This summer’s Measurement Base Camp covers the powerful new GA4-and-measurement features. Register now!
Mention “GA4 and measurement” to a random selection of comms pros and you’re likely to see a bunch of blank stares, and at best some rolled eyes. I get it. To me it’s one of those things like “the Metaverse” that makes me want to go back into my Covid cocoon and just play catch with my puppy.
But like it or not, both are in our future. Fortunately, no one has given us a firm date by which we need to “be in the Metaverse.” Not so with GA4.
Be prepared: Google Analytics becomes GA4 on 6/30/23
Many comms professionals received a very scary email last month saying that our old familiar Google Analytics is going away as of June 30, 2023. Some organizations have already begun the switch, others are looking into alternatives like Adobe Analytics. But if you’re one of the many that hasn’t even started thinking about it, listen up.
The traditional Google Universal Analytics we’ve come to know and, if not love, at least find useful, will stop collecting any data on June 30, 2023. That means that, if you plan on showing year-on-year progress comparing July 2022 to July 2023, then you need to make the switch now, or else you’ll have a very big “0” in your analytics data after July 1, 2022.
(And if you’re not using Google Analytics or other web analytics program in your metrics, I’ll refrain from expressing my true feelings regarding what you’re missing in your measurement. I do suggest that you dust off your resume. Because someone who is using GA4 is going to come along and take your job, as they’ll be so much more able to demonstrate their contribution to the bottom line.)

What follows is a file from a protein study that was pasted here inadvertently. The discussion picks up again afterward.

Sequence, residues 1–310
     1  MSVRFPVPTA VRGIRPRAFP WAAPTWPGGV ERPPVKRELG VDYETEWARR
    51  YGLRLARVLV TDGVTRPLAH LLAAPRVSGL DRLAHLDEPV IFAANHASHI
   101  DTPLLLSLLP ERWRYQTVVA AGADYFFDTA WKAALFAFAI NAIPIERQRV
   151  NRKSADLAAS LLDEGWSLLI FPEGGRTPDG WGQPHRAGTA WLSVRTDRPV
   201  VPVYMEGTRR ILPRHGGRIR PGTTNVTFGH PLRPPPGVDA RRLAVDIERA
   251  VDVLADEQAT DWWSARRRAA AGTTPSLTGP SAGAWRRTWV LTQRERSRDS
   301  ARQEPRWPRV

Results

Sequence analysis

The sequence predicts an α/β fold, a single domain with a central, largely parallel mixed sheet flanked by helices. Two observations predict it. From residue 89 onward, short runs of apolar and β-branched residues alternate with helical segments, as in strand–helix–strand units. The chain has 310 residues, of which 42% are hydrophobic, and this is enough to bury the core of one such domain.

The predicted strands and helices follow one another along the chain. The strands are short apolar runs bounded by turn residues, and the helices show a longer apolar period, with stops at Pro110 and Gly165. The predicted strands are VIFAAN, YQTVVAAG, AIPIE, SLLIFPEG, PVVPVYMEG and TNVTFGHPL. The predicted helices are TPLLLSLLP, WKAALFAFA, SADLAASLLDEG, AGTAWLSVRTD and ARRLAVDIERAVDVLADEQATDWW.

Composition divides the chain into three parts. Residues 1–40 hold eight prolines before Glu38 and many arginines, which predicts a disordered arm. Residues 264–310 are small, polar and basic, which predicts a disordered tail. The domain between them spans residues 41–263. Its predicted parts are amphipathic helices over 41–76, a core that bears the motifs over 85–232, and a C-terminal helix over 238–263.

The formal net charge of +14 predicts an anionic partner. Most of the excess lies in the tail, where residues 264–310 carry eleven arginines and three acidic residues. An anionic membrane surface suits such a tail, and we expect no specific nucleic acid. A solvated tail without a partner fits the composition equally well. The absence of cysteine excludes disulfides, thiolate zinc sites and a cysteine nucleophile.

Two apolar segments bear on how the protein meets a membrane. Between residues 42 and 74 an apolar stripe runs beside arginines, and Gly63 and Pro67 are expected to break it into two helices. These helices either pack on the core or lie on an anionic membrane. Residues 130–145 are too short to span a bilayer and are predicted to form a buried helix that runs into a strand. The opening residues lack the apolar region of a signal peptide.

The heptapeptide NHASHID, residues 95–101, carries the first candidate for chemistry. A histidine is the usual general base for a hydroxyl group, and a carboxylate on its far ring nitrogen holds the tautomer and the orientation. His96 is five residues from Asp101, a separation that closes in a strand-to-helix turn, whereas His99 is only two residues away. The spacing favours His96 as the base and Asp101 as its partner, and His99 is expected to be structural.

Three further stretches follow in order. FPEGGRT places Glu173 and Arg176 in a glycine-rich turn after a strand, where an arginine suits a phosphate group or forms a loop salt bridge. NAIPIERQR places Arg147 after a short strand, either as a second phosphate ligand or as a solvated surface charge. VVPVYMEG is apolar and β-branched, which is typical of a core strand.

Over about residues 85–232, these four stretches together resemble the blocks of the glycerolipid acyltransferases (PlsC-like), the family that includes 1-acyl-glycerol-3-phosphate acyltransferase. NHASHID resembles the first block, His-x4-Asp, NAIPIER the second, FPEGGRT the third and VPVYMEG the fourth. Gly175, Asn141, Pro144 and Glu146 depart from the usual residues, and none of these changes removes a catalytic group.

Fear not: you are going to really like GA4 and measurement
Here’s the thing: GA4 is such a great improvement, especially for earned media, that you will probably want to start using it tomorrow. GA4 provides a much better way to show earned and owned media’s contribution to whatever outcome your objectives have defined. My favorite improvement is the ease with which we can now change the attribution model, putting an end to that infuriating “last click” attribution that the paid media folks always claimed.
The big difference between what we’re used to and GA4 is that the new platform is built for today’s reality. It has the ability to track visitors’ actions far more accurately than we could ever do before. They’ve taken an all-platform approach to the design, so you get more detail and more accuracy from the data.
GA4 uses AI and predictive analytics to provide us with a “life cycle” approach to your visitors. It provides highly granular visitor data from initial arrival, through the various stages of engagement, to the end goal.
If you’re familiar with my use of “acceptable proxies” to track the progress of a potential lead, client, or supporter, then this is essentially what GA4’s Life Cycle approach provides. You’ll be able to understand and optimize the visitor journey at every step of the way, regardless of what device or platform they are using.
Goal conversions are now events
The other very noticeable difference is that the terminology is radically different. Rather than tracking “goal conversions” it tracks “events.” We’ve been urging comms pros to use the old “events” tracking as a metric, so this makes perfect sense.
An “event” is now any interaction that a visitor has with your website. So rather than having to create a “goal” from an “event,” GA4 does it for you. Thus the data it can report is much deeper and provides far more insight into your results.
The way it reports data has changed as well, with a format designed to answer questions, not just produce ugly charts and graphs.
Learn more about GA4 and measurement
So please don’t panic about GA4; it’s a big improvement and you are going to like it. To learn more, please join us for the Summer Session of Measurement Base Camp, where we’ll be devoting a lot more time to the how-tos of showing your value with GA4.
Thanks to the Google blog for the image up top.